The Swiss Albino mice used in the present study were obtained from the Laboratory Animals Centre, Singapore. Diabetes mellitus was induced in 8 week-old female mice by an intraperitoneal injection of streptozotocin (STZ, 75 mg/kg body weight, Sigma, USA) dissolved in citrate buffer (0.01 M, pH 4.5) on three successive days. Blood glucose levels were examined one week after STZ injection using a Glucometer Elite (Bayer, USA). Only mice with non-fasting blood glucose level exceeding 16 mmol/l were used as experimental diabetic mice. In contrast, control mice maintained the normal blood glucose levels (4–6 mmol/l) before and during pregnancy. Timed mating was carried out by placing four female mice with one normal male mouse in a cage overnight. Noon on the day on which a copulation plug was observed was counted as embryonic day 0.5 (E0.5). On E13.5 (about 60 pairs of somites), pregnant mice were anaesthetized with pentobarbital (150 mg/kg body wt, intraperitoneally) and embryos were collected after Caesarean section. A total of 180 embryos (E13.5) were used for this study. Of these, 120 and 60 embryos were obtained from diabetic (n = 15) and control (n = 6) mothers respectively. The developmental stage, E13.5 was chosen for this study, as it corresponds to ~6 weeks of human gestation [28,29], when all 4 chambers of the heart were clearly distinguishable, and the outflow tract was evident [30]. In addition, the heart phenotype was apparent in embryos from diabetic mice. Embryos with malformations from diabetic mice and normal embryos from non-diabetic mice were used as the experimental and control groups, respectively. All procedures involving animals handling were in accordance with the Principles of Laboratory Animal Care (NIH publication no. 85-23, revised 1985) and guidelines of the Institutional Animal Care and Use Committee (IACUC), National University of Singapore.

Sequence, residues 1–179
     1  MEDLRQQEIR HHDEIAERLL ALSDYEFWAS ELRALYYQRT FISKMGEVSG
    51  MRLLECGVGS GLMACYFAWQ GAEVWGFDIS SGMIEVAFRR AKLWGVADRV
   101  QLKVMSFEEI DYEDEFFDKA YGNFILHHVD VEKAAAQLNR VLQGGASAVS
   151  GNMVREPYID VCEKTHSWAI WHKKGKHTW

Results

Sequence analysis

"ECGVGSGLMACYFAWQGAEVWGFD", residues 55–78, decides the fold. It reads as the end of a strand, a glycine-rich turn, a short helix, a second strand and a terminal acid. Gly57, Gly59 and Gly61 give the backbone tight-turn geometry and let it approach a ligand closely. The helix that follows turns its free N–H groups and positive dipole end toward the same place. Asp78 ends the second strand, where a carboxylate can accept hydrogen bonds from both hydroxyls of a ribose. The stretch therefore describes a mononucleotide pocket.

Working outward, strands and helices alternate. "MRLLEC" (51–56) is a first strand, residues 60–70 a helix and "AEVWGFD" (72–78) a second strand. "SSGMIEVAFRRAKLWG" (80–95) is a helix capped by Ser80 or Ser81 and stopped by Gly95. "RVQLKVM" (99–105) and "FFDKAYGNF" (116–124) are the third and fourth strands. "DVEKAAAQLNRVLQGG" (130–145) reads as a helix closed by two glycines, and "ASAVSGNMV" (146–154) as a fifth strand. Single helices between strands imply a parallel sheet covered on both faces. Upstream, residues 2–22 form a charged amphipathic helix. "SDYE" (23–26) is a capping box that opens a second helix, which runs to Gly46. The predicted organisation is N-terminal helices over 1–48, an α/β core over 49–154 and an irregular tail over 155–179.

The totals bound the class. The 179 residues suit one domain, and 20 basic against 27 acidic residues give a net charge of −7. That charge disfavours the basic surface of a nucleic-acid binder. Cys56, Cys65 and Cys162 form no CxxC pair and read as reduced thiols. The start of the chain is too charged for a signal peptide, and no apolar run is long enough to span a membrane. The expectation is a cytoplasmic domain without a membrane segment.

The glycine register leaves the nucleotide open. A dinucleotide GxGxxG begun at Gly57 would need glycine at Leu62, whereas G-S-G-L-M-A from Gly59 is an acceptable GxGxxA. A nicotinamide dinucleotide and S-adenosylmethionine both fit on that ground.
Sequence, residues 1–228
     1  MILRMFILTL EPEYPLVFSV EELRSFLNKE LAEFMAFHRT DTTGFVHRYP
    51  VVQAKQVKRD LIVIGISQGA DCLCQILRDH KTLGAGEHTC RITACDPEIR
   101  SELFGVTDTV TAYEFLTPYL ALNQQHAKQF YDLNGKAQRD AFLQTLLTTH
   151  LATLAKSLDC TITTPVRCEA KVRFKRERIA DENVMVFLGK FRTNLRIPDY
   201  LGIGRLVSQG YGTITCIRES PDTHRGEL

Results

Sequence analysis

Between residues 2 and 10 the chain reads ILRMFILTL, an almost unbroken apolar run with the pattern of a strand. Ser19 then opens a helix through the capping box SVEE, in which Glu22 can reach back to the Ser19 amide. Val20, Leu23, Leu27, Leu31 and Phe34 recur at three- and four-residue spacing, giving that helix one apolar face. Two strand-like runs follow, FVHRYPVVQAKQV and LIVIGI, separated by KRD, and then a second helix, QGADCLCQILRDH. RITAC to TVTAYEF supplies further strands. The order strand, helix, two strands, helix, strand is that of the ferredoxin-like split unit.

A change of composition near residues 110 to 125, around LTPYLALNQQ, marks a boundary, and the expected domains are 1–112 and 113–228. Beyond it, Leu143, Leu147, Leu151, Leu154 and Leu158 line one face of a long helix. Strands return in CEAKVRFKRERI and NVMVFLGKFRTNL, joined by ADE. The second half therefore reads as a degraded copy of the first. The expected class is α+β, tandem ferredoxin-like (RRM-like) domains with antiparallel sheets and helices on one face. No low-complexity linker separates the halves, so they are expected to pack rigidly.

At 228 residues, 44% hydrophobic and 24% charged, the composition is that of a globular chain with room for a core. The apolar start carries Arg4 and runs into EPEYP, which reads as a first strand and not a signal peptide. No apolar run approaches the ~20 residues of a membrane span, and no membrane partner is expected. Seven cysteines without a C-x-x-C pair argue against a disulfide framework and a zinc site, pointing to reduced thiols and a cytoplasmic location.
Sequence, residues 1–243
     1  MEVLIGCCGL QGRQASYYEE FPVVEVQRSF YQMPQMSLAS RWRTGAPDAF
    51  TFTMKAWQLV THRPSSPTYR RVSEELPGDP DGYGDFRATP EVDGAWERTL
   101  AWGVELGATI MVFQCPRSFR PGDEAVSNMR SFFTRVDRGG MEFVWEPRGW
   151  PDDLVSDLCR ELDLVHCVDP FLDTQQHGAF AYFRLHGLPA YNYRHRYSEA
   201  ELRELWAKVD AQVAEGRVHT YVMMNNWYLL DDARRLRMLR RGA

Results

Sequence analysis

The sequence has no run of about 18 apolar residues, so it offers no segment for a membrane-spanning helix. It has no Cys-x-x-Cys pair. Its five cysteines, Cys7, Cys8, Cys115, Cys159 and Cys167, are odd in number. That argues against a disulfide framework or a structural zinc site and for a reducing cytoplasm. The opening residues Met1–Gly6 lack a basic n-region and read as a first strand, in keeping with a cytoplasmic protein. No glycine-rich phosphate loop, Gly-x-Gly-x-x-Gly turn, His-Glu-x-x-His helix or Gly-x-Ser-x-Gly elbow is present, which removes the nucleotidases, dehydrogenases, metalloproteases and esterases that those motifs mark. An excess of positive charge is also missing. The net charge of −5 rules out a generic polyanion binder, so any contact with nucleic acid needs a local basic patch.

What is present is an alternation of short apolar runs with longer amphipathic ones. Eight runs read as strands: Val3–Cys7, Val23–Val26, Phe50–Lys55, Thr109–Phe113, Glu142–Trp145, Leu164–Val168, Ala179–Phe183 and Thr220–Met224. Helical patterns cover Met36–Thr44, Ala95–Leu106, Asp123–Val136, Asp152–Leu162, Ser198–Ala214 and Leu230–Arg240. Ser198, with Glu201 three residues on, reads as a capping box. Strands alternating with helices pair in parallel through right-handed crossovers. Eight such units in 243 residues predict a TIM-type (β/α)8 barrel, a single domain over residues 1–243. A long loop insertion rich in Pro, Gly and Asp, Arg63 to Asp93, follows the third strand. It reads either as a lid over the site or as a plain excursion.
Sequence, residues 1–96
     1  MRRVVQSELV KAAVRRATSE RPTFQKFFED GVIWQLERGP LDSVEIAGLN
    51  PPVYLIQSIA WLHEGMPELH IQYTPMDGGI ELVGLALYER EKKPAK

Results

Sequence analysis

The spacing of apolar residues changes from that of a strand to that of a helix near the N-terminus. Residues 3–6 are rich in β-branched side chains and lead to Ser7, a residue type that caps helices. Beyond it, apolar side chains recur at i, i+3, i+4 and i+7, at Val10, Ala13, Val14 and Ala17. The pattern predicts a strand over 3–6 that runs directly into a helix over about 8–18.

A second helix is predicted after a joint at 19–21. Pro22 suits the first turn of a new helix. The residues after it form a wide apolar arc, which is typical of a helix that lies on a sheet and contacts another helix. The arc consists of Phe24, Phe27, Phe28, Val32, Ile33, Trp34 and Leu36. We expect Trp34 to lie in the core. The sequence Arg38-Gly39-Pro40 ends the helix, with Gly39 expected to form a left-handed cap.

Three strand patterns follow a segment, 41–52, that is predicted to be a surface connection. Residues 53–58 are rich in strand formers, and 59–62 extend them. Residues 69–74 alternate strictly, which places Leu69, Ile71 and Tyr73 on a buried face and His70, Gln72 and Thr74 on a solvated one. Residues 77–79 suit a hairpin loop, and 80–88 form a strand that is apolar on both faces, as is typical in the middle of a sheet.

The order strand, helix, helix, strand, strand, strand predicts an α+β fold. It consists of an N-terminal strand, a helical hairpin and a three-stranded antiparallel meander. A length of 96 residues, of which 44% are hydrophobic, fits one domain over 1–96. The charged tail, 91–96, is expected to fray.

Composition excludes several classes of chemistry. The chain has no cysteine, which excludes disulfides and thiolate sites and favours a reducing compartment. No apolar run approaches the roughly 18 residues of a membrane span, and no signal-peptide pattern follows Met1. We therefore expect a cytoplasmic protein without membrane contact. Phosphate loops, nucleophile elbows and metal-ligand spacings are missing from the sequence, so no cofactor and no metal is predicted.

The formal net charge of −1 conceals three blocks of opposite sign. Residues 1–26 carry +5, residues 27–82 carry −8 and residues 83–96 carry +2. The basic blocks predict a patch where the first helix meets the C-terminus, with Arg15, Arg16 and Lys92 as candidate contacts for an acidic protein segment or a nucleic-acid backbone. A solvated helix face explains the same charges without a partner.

Histology and Immunohistochemistry